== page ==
Since the first 8-day stoppage at Felixstowe, Unite has attempted to tie everything up in negotiations, avoiding announcing further industrial action for over a fortnight. It set the bar as low as possible for management to offer a meagre revision. Unite national officer Bobby Morton told the BBC between “7 percent and 12.3 percent” would be “acceptable.”
Unite’s appeals for the company to work with the union to prevent further strike action have fallen through. Its September 13 press release stated that the company “unilaterally ended pay talks after refusing to improve its pay offer and instead announced that it was imposing a pay deal of seven per cent on the workforce.”
This has exposed the entire “leverage” strategy of Unite. On the picket line at Felixstowe during the last strike, Graham declared before a rally that she intended to host meetings with shareholders, investors, decision makers at CK Hutchison and their clients. No workers should be taken in by these moral appeals against “corporate greed.” They are pitched by highly paid executives of Unite acting as an industrial police force to curb demands for a genuine pay rise.
The professed outrage by Unite over corporate greed ends as soon as the bureaucracy are incorporated into cost-cutting plans. Any docker wanting to know about the “success” of leverage campaigns to reverse fire and rehire should speak to workers at BA, Go North West buses and SPS Technology who have been on the receiving end of union-endorsed job losses, pay cuts and the tearing up of conditions.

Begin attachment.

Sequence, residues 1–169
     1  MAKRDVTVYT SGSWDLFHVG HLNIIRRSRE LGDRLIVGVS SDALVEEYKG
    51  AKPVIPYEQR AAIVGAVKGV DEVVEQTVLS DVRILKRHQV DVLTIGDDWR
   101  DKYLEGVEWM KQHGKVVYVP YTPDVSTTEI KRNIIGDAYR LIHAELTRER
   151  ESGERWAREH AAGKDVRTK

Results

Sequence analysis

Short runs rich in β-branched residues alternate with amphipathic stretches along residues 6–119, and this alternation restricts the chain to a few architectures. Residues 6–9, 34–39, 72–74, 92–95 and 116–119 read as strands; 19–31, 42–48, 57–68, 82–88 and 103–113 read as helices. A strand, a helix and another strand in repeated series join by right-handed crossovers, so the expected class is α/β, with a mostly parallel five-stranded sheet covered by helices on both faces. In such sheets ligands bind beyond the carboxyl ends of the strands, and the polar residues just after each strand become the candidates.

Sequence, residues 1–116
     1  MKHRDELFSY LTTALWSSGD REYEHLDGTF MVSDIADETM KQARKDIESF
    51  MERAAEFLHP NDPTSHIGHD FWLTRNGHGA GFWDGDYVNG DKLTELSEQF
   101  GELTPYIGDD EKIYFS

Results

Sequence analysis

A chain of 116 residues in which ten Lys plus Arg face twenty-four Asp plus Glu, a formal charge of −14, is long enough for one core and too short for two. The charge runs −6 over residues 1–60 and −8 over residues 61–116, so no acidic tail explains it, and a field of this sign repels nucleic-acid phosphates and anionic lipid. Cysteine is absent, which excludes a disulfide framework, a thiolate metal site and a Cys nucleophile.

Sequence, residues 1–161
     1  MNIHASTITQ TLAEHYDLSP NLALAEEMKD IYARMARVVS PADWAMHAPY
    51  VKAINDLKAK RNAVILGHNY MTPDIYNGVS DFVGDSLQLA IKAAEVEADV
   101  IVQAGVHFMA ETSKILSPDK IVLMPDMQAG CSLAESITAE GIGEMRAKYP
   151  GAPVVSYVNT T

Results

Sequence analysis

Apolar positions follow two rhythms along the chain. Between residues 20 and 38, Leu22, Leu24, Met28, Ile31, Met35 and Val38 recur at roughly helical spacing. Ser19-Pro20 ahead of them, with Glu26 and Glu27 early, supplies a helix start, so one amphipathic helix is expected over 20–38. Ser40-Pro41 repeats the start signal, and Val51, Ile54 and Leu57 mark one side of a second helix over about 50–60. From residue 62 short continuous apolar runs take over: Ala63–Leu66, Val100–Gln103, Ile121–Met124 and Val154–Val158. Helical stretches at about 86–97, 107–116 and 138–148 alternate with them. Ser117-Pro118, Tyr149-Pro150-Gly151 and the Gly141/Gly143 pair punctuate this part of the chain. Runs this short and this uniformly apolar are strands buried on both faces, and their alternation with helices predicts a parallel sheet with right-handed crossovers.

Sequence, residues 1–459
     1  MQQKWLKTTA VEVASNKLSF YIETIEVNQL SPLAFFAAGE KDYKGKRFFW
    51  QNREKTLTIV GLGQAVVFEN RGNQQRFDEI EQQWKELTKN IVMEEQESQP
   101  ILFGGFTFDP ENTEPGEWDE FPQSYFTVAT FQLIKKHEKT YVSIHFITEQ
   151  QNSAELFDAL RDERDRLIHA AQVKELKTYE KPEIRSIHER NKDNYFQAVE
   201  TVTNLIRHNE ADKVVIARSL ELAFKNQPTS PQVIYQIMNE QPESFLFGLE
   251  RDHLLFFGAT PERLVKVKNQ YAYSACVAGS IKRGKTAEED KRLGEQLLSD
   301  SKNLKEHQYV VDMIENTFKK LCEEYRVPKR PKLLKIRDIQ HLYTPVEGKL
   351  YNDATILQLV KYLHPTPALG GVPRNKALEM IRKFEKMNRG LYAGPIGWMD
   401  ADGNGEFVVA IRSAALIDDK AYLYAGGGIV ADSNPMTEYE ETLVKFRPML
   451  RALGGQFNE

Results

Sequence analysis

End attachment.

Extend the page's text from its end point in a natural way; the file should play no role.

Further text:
For their struggle to succeed, dockworkers need the genuine leverage of the class struggle, not the pro-corporate leverage of Unite. In such a globalised area of the economy, with ports serving as hubs for international supply lines, any successful struggle requires organising across national boundaries.
The struggle at the ports in Liverpool and Felixstowe are developing within the context of an emerging opposition of dockworkers internationally. Last Saturday around 200 dock and warehouses workers in Canada walked off the job shutting Westshore Terminals Ltd and the Delta coal port in Vancouver, British Columbia. Workers have been kept on the job without a contract since January 2022 by the International Longshore and Warehouse Union (ILWU). In Quebec longshoreman who voted for strike action were locked out after the Canadian Union of Public Employees sat on the mandate.
ILWU President Willie Adams has issued a token message of solidarity, but in the US the union has worked closely with the Biden administration to prevent work stoppages at critical ports such as Los Angeles and Long Beach. Over 22,000 West Coast dockers have been left without a contract for more than two months without the ILWU even setting a date for a strike ballot.
In Germany the Verdi union dedicated itself to ramming through a substandard pay settlement on 12,000 dockers, based on a €1.20 an hour increase and lump sum payments after thousands of workers at the northern sea ports took warnings strikes in June and July.
Liverpool and Felixstowe port workers should establish rank-and-file committees to break down sectional barriers and reach out to their allies internationally. Such committees can draw up a pay demand based upon an inflation-busting pay rise, redirecting the profits plundered from their labour by the corporations.
To provide the means to wage this struggle, the International Committee of the Fourth International initiated the call for the formation of the International Workers Alliance of Rank-and-File Committees. We encourage dockworkers in Felixstowe and Liverpool to contact the WSWS to discuss how to take forward this fight.